Successful underwriting involves a whole host of factors including proper risk selection, adequate pricing, and a bit of luck thrown in for good measure. While the entire industry is subject to ups and downs in terms of pricing and losses, it seems that the habitational (apartments, townhomes, and condominiums) and bar, restaurant and tavern (BRT) classes of business are particularly volatile.
A common factor in these two groups is the sheer magnitude of the number of risks that are in the market, including the small neighborhood sandwich shop all the way to the huge property real estate management firms. National and regional carriers, specialty insurers, risk retention groups and a myriad of programs administrators are able and willing to write these accounts at sometimes rather shockingly low rates. While the top line initially might look quite impressive, over time the losses can and will catch up and could leave the insurer in a troubling financial situation.
This webinar is designed to help both agents and company underwriters improve their ability to write habitational and BRT risks at a profit. Topics to be covered include:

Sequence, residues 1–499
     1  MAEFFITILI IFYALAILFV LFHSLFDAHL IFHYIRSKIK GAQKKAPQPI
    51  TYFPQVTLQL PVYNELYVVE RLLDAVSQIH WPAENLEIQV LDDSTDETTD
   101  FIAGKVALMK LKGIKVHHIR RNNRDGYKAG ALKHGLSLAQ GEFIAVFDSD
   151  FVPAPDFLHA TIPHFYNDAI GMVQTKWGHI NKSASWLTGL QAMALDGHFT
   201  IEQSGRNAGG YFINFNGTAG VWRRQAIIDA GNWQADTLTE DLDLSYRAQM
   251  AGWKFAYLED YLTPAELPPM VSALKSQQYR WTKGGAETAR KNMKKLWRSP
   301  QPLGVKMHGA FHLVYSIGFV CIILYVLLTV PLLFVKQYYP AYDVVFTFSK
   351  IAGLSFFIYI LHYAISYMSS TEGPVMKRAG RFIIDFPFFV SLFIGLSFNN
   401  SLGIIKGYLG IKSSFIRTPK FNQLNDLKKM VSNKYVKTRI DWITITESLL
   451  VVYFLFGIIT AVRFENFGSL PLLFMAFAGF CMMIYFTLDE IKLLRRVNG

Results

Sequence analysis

- Property and casualty underwriting "red flags" for habitational, bar, restaurant, and tavern risks.
- A discussion of risk management techniques, other than insurance, that might be useful for the apartment owner/manager.
- Garden vs. high-rise apartment complexes and the advantages and disadvantages of each.
- Bed bugs and mold and what they have in common.
- The challenge of habitability claims and why they are so expensive.
- Why the amenities offered by an apartment complex or condo association can make a big difference on what you pay for your insurance.
- The problem with assault and battery claims and why these losses might be excluded or limited.
- Differences between a bar, a restaurant, and a nightclub in the eyes of an underwriter.
- The location of the "neighborhood" bar makes a very big difference in acceptability. Find out why!
At the conclusion of this session, we will briefly review the role of the surplus lines carriers and wholesale agents/brokers in crafting coverage for those risks that do not meet the underwriting guidelines of many standard carriers.